Talk Show Politics
Another reason three-month budgeting has become the norm in Washington, DeLeon said, is “the main dialogue in Washington has moved from committee rooms and caucus rooms to blogs and talk shows, where we focus more on our differences.”
Very short-term budgets is the best Congress likely will do until something breaks the political impasse over issues such as taxes, Obamacare, entitlement reform and defense spending. Another issue is the bad blood between House Republicans and Obama, whose second term won’t end until January 2017.
It remains unclear how tea party House members will be affected by the shutdown-debt ceiling flap when they face re-election.
After all, “the election is over a year away still,” Sen. John McCain, R-Ariz., told Defense News when asked if the midterms could improve the prospects for getting longer-term fiscal and budget bills passed.
“It will more depend on what we’re able to get done in the next few months,” McCain said.
And to avoid again kicking budgetary cans down the road by just a few months, “we need to figure out how we can work across the aisle more,” DeLeon said, noting Presidents Bill Clinton and George H.W. Bush both worked with the other party to pass major fiscal legislation.
Congressional GOP defense hawks are frustrated that their House colleagues threatened the full faith and credit of the United States and, polls show, did significant political damage to the party’s brand.
“I’ve never seen such a big disconnect between what people thought they were fighting for, and what was actually on the table,” said Rep. Randy Forbes, R-Va., chairman of the House Armed Services seapower and projection forces subcommittee.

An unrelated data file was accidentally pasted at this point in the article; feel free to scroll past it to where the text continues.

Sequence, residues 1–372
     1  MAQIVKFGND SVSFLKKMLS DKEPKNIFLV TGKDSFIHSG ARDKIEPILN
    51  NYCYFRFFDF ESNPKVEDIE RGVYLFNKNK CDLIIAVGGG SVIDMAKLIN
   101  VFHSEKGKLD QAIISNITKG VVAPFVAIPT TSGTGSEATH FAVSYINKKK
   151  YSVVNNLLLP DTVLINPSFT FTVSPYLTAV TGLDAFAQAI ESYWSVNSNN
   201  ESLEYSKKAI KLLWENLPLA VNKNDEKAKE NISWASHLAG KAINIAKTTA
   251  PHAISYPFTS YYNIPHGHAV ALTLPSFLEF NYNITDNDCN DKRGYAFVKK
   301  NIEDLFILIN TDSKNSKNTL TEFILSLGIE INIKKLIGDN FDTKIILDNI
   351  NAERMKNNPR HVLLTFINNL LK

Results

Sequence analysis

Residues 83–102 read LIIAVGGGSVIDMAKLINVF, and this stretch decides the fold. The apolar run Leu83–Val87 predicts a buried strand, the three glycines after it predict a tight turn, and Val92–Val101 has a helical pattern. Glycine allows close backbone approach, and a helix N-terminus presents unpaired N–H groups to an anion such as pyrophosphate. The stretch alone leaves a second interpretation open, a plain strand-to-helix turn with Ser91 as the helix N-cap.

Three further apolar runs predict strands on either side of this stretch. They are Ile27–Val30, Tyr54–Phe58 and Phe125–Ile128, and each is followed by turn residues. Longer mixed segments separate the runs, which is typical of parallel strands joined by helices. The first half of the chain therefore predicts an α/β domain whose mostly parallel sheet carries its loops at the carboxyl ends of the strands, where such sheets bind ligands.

Tea party House conservatives pushed — unsuccessfully — to defund or significantly change President Barack Obama’s healthcare law as part of legislation to fund the federal government and raise the nation’s borrowing limit. Defense hawks and old-school Republicans opposed that tactic, and some eventually voted with Democrats on the emergency fiscal legislation.
The resulting political brawl left little time to tackle big-picture issues and meant a temporary government-funding and debt-ceiling bill was the best lawmakers could do.
Smith took a shot at House tea party Republicans, saying they will do anything they can to “hurt the federal government.”
“I was talking to some people [from DoD] yesterday and I said, ‘How are things going?’ They said, ‘Well, the government is open, so...,’ ” Smith said. “That’s how low of a bar we’ve set — the federal government is open, so things are good.”
Hawks Swoop In
The hawks are quietly fighting back.
Forbes said pro-defense House members have been trying to explain to Republican leaders and rank-and-file members how important budget stability is to the military.
Not only have they been “making the case inside the caucus,” but they are planning to arrange meetings between “top generals and the top writers” on national security issues with individual House conservatives to “educate them.”
While the hawks work the inside the game, Zakheim and others are focused on the outside game — trying to convince American voters to avoid sending candidates to Washington who would cut a crucial defense program just to achieve an ideological goal shy of strategic thinking.
“Getting back [to bipartisanship] is not going to be easy. At the end of the day, getting back is the responsibility of the American voters,” Zakheim said. “Informed people have to put the word out that you just cannot mess with defense.
“This country’s prosperity ... depends on its national defense,” he said. “It’s up to our voters. If fed all kinds of pap that defense is just another trade-off with entitlements, we’re going to have a very serious problem because they are going to elect people who believe the same.”